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Beat Writer’s Block with Stupidly Simple Shifts

Beat Writers Block with Stupidly Simple Shifts

Other than painful papercuts, writer’s block is the worst thing we have to deal with as a writer.

I assure you, we all bash our heads against it every now and then. The trick is not to try to prevent it from happening. *guffaws* You’ll never accomplish that.

Instead, I’m here to teach you a few little tricks for getting yourself out of it. Because honestly, it’s easier than you might think.

Beat Writer’s Block with Exercise

I know what you’re thinking:

“Exercise? I became a writer because I hate exercise.”

Look, I hate it too, but so does writer’s block! Much like your muscles, it totally responds to exercise … except of beefing up like your quads, it totally melts away.

If you’re caught up in a bad case of writer’s block, consider that you may just be in an environmental rut. I know, I totally just made that up, but it really is a thing.

Try this: Get outside and move your body in a new environment. If you can, go for a walk in a new location. If all you can do is go to the gym, that’s at least something. It clears your mind and gets your endorphins moving – and inevitably there’s some gym drama going on somewhere that you can eavesdrop on and get ideas.

What? That isn’t the only reason I go to the gym.

There’s also the door to the guy’s locker room, which I sometimes stand outside while checking my phone. Because the wi-fi works better there.

Ahem.

Shift Your Point of View

Okay, so this only works if you’ve already started a project. But it’s perfect for when you’re in the middle of a piece that was working really well a day ago, an hour ago or even a minute ago, but all of a sudden breaks down.

It’s the worst.

When this happens, shift the point of view. So, you’re writing a story about the chief of a village dealing with an outbreak of influenza. Why not try writings a chapter from the point of view of the first person to die in the village? Or perhaps introduce a character who stumbles on to the village days after the outbreak? I’m not saying you have to keep these chapters in, but seeing things from another point of view will often spark something knew.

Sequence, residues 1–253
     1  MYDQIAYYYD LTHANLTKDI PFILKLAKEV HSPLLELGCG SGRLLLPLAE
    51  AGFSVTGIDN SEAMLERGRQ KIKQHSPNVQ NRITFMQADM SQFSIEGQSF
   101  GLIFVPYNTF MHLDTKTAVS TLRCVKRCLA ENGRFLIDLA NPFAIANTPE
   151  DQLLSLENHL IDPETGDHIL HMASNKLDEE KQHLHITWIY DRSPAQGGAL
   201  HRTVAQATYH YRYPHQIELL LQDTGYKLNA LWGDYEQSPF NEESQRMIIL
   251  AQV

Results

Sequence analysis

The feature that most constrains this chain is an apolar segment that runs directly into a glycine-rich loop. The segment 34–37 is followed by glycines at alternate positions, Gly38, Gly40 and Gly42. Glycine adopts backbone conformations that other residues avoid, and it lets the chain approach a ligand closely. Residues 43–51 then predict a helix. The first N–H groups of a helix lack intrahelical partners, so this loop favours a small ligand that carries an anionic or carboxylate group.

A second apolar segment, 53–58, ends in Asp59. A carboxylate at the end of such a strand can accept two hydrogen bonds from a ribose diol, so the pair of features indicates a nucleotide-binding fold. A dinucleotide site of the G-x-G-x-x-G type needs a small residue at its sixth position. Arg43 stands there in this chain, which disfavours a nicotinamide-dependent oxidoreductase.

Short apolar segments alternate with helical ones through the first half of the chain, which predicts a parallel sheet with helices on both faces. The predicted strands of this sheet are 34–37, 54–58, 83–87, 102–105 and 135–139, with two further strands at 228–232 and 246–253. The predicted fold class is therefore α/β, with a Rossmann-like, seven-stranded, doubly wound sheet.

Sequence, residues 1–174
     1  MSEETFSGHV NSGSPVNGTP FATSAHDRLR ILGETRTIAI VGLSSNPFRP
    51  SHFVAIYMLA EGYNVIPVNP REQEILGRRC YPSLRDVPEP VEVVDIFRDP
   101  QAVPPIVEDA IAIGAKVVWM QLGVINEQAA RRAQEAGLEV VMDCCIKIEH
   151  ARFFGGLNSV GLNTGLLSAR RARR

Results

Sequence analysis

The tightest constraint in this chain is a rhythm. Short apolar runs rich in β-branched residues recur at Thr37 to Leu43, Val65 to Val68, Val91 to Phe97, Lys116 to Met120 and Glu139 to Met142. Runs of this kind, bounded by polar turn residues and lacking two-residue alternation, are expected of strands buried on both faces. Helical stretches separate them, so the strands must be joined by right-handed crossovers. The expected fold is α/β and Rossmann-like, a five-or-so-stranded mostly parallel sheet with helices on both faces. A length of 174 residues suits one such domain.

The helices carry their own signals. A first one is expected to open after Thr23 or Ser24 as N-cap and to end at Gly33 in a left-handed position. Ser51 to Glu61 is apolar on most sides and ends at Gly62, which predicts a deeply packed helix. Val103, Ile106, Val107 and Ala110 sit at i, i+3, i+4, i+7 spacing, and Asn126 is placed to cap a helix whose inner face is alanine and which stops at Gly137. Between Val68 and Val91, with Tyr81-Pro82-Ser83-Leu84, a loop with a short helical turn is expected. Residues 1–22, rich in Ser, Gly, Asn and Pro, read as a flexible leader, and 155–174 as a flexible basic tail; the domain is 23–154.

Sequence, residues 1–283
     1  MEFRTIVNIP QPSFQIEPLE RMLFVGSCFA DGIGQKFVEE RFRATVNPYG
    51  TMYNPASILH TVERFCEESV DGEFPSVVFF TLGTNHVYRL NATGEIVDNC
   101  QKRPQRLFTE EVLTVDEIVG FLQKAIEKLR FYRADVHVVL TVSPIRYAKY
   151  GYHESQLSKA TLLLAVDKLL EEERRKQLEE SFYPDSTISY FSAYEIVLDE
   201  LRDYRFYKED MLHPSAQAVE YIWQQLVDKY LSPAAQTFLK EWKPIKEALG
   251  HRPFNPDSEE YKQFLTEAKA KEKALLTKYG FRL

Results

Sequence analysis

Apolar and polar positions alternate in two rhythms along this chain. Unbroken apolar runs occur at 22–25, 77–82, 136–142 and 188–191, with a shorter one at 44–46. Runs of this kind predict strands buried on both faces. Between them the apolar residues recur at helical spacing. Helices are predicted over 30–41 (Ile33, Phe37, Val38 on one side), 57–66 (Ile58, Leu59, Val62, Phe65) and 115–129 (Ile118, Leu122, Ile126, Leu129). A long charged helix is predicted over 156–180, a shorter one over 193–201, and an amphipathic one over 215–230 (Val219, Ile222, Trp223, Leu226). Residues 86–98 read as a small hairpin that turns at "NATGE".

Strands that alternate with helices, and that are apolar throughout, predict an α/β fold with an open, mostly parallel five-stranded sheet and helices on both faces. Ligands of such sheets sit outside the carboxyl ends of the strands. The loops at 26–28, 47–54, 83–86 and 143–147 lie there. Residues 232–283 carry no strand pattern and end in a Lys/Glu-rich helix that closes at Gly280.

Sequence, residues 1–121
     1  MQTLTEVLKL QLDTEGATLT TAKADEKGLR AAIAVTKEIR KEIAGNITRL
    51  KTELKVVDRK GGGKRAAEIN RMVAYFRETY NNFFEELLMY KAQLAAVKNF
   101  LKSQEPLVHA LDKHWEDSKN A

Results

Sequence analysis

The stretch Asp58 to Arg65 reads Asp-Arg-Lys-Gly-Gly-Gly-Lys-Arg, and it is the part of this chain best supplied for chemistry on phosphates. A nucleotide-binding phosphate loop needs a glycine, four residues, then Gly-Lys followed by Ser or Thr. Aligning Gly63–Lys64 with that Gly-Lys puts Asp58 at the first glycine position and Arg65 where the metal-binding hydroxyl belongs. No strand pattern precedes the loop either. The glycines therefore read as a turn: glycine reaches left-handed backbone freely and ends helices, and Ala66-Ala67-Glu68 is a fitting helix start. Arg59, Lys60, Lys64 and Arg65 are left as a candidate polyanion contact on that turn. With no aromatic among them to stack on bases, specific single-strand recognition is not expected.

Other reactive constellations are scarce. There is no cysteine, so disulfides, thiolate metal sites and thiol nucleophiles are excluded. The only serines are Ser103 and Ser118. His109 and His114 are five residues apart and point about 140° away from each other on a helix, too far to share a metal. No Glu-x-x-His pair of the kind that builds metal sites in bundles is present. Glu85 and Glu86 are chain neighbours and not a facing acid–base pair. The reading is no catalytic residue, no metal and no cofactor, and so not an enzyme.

If you’re writing nonfiction, as I am when I create copy for clients, try writing as though you were their client, or another member of their team or the product itself.

Seriously, you never know what awesomeness will come out of that sort of mindset shift. I’ve written some truly inspired material this way.

Read Your Face Off

This might seem counterintuitive to what you need to be doing, but when you’re stuck on a project for your boss and you can’t get yourself out of the weeds, take a break and read.

I recommend reading the same sort of genre that you’re writing. If you are working on an essay for a client, go online and start reading a few essays. Need to finish up a few blog posts? Get onto your favorite blog sites and start reading. Sometimes the best way to get out of your own head is to get into someone else’s.

Keep Calm and Calm the Eff Down

Okay, those are sort of the same thing.

But really, the worst thing you can do when you hit writer’s block is to panic.

Once you start down the rabbit hole of fear that you will never be creative again, you have just guaranteed yourself a nice little stay in that rabbit hole. And who wants to share a hole with a rabbit?

Okay, I totally do too … but you see where I’m going with this.

Instead, try some of these strategies. That way, the next time you find your creativity slipping, you won’t panic; you’ll just pull these exercises out of your top hat like a rabbit.

Full circle, people!

Now, how about some other tips and tricks for whipping your writing game into shape? We’ve got you covered with the Free Resource Library, so go ahead and check it out.

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